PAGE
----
An Economic Approach to Electricity Adequacy

How do you know your power supply will be adequate?

Electricity providers in different parts of the world use a variety of methods to ensure that the resources they add will meet their future electricity needs. Here in the Pacific Northwest, the Northwest Power and Conservation Council assesses the region’s power supply annually and forecasts the chance that the region will experience an interruption in service—the loss of load probability of the regional power supply. The Council considers the power supply adequate if the loss of load probability is less than 5 percent.

The Council’s current adequacy standard, however, does not take the cost of service interruption into account. An argument can be made that if the cost of a new resource is greater than the cost of interruption, that resource should not be acquired. A methodology to determine what types of resources are most cost-effective with respect to maintaining adequacy is explained in a paper published in the May 2018 edition of The Electricity Journal, a technical publication for the power industry. The authors are Tom Karier, the Council’s Eastern Washington member, and Council Power Planning Division staff members John Fazio, Steven Simmons, and Massoud Jourabchi.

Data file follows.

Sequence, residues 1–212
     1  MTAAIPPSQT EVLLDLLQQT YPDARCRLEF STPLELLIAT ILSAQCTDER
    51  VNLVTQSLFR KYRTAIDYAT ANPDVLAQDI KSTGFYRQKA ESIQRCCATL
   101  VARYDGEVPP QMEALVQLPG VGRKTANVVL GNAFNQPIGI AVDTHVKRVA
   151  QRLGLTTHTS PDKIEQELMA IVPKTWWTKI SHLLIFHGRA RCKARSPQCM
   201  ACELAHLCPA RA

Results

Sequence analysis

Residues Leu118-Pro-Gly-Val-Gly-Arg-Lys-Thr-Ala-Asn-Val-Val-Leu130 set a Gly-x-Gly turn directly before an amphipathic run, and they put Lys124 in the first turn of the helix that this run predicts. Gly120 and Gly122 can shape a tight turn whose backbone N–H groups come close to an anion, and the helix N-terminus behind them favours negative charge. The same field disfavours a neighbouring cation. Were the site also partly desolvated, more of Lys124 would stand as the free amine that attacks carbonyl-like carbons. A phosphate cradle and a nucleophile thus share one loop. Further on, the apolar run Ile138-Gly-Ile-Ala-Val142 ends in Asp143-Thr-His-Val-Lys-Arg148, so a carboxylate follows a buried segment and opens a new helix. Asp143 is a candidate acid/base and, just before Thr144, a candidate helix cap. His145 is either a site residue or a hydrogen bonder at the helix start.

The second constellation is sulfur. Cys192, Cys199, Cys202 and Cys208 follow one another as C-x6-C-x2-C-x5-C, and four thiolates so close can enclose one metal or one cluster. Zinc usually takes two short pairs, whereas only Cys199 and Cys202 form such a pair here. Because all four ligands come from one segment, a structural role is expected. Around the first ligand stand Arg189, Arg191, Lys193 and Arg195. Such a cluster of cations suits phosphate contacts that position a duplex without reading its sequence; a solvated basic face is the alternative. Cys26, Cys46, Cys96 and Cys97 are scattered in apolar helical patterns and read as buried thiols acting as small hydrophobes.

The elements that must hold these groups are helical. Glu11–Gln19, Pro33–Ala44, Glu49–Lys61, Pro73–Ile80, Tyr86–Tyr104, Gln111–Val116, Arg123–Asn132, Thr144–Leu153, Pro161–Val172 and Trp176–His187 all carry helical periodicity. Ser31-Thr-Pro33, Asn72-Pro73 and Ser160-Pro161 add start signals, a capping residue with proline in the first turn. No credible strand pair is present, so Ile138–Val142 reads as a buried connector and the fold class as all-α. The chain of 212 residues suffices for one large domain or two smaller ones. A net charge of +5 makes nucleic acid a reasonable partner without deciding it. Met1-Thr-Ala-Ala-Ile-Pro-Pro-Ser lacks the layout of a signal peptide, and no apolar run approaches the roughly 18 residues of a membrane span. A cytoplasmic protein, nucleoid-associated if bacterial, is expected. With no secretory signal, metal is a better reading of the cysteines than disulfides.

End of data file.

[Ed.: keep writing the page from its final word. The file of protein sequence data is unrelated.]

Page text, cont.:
The method compares the net cost of a resource (fixed and variable costs minus revenue from sales) to the cost of interruptions to customers. The method is based on economics suitable for both dispatchable resources, such as gas-fired turbines and for nondispatchable resources such as energy efficiency, wind, and solar.

Resources that reduce curtailment efficiently and at lower cost are more valuable and should be acquired first. Furthermore, if the true cost of interruption were known, it could be used to set thresholds for adequacy metrics (e.g., setting the maximum allowable percent for the loss of load probability). Unfortunately, the cost of interruption varies dramatically among customers and is very difficult to assess.

Still, based on this method, according to the paper, energy efficiency and demand response are more cost-effective for addressing capacity needs (periods of peak demand) than gas-fired plants.

For more on the Council’s resource adequacy standard, read this great primer, Standard Aims to Keep Regional Electricity Supply Adequate, and more recent blogs on the topic.